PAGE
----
How Armies Grow

The Expansion of Military Forces in the Age of Total War 1789–1945

An anthology of case studies by academic historians into how armies have expanded during the period 1789-1945, providing insights for the modern army.
Publication date:
September 2019
Publisher :
Casemate Publishers
Editor :
Matthias Strohn
Format Available     Quantity Price
ISBN : 9781612006017

Dimensions : 228 X 152 mm
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• Case studies of German, American, British, and French armies at crucial points in their evolution
• Each written by renowned academic historians offering their own insights
• Written in an accessible style suitable for general readers

The first two decades after the end of the Cold War were characterised by government's desires to reduce the sizes of their armed forces, not least in order to save money. Hand in hand with this general reduction went an intellectual and doctrinal re-orientation of the armies from conventional warfare to counter-insurgency operations. These trends combined had a deep impact on all armies, in particular in Europe. The geo-political landscape and the real and perceived threats from terrorist groups allowed for such developments to take place. As a result, capabilities were lost and the current generation of army leaders have lost the ability to think in terms of large-scale, conventional military operations.

Recent changes to the geo-political situation and current developments in Eastern Europe have resulted in a new shift of thinking. The pendulum has now swung back to large-scale, conventional operations. Once again, this has huge implications for the forces, from training to equipment. Today, armies are growing again in size and all armies look back to the past in order to learn something about the build-up, composition and use of large formations. Lessons that had been learned by armies the hard way and had been the accepted wisdom for decades or even centuries now have to be re-learnt. It is these lessons from history that this book addresses. What does history tell us about these processes? How did armies prepare and train for a major conflict in times of peace? What internal structure did the armies adopt? What were the problems in the areas of equipment and how could an army ensure that in the case of war enough of the right material was available? How did the armies ensure that the doctrine and training used in a small army was adequate for a much enlarged army in the case of total war? All these questions were as relevant then as they are now.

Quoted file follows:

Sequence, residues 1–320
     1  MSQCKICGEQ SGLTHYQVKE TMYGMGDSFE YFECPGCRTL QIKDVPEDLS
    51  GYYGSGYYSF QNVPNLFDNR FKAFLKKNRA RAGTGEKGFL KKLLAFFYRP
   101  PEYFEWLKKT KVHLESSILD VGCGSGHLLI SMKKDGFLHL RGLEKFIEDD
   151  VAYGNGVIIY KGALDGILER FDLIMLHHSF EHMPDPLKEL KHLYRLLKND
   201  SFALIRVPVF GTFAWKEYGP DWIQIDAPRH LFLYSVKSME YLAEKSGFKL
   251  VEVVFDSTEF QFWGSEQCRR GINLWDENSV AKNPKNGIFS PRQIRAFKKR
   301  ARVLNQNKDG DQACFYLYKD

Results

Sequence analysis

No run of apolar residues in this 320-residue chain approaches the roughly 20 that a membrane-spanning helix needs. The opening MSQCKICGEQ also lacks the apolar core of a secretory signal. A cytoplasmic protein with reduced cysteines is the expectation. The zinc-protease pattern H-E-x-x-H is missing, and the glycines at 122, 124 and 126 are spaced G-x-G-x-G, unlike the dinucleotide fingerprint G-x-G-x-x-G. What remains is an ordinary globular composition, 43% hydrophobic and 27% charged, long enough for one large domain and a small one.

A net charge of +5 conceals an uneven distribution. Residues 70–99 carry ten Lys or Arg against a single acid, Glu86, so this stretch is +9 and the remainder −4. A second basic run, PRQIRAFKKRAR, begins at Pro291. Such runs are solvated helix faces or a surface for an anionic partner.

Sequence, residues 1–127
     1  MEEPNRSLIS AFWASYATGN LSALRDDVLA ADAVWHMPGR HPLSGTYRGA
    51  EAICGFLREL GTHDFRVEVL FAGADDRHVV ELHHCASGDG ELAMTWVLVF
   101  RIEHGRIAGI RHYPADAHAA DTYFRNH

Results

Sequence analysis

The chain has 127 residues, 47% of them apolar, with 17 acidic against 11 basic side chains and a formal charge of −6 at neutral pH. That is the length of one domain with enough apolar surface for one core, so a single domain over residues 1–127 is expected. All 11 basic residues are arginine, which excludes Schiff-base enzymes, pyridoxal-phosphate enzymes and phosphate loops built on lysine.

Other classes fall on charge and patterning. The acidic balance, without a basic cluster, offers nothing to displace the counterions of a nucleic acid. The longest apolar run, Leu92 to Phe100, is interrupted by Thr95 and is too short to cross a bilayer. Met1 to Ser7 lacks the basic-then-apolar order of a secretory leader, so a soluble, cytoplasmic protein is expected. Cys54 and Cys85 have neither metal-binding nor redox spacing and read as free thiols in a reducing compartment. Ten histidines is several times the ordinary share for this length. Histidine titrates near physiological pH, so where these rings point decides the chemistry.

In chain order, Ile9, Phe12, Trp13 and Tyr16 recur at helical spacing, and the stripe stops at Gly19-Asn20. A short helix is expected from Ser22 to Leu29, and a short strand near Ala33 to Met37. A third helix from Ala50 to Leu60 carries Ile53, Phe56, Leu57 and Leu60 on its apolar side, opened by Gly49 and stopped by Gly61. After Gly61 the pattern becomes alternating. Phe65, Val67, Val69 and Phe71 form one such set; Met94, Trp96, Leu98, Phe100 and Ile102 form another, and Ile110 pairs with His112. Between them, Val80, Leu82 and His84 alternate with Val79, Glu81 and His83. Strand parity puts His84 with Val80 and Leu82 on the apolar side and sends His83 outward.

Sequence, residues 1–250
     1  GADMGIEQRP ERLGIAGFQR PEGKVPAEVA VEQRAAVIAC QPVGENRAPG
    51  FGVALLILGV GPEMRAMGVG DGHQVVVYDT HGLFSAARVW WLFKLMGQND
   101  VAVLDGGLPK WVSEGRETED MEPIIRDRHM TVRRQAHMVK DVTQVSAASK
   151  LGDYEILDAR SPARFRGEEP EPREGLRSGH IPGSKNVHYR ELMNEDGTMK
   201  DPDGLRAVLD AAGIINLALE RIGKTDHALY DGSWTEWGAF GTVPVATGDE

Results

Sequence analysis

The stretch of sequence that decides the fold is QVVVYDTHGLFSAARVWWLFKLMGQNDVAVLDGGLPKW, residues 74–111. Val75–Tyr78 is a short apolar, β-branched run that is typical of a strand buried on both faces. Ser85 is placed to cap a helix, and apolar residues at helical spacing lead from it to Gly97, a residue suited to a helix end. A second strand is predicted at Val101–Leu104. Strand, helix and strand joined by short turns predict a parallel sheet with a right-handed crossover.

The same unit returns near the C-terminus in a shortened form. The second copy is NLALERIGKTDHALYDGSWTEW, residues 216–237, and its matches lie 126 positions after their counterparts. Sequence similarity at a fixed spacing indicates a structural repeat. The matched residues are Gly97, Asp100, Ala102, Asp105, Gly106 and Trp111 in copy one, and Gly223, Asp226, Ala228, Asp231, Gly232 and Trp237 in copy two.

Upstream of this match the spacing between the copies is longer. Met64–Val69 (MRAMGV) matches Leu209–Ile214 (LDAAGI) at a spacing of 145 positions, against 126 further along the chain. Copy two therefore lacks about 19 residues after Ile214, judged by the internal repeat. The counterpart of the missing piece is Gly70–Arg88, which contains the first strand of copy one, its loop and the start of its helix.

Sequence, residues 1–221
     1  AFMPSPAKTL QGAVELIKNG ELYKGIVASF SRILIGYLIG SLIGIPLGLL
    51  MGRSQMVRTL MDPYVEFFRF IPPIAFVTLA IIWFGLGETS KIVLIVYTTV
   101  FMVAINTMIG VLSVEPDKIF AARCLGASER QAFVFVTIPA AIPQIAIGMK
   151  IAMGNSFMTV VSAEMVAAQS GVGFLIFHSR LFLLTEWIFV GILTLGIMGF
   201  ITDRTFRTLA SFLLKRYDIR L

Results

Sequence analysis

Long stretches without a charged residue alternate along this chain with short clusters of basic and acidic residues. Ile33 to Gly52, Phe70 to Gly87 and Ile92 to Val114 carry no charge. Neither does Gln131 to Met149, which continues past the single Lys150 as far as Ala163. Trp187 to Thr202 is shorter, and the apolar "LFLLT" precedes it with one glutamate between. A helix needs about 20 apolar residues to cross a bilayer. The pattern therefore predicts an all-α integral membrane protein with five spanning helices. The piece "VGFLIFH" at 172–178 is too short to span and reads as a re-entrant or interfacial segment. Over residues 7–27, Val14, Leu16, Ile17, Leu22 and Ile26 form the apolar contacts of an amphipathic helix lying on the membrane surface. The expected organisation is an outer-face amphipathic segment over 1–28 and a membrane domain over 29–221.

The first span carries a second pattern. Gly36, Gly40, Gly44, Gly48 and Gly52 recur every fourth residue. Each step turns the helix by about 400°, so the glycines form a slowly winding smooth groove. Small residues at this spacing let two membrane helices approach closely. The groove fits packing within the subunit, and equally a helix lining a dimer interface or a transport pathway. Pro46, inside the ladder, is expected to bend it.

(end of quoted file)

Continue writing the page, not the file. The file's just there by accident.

This anthology analyses a number of case studies and provides insights into themes and topics that characterised the so-called ‘reconstitution' of armies in their historical and social contexts. The emphasis is on land forces, but air forces and navies of the relevant countries are also included. The period covered is the "age of total war” from the French Revolution to the end of the Second World War, which provides the intellectual framework for the challenges that armies are facing today.


"An important contribution … it should be read widely by those involved in making strategy and military policy. The lessons of history cited are valuable to those who might have to implement them in the future.” - The Wavell Room, Contemporary British Military Thought
The Wavell Room, Contemporary British Military Thought

The book draws on the expertise of a powerful group of authors. The result is to describe the challenges involved in a readable and informative way … this is an important and timely book … Highly recommended.
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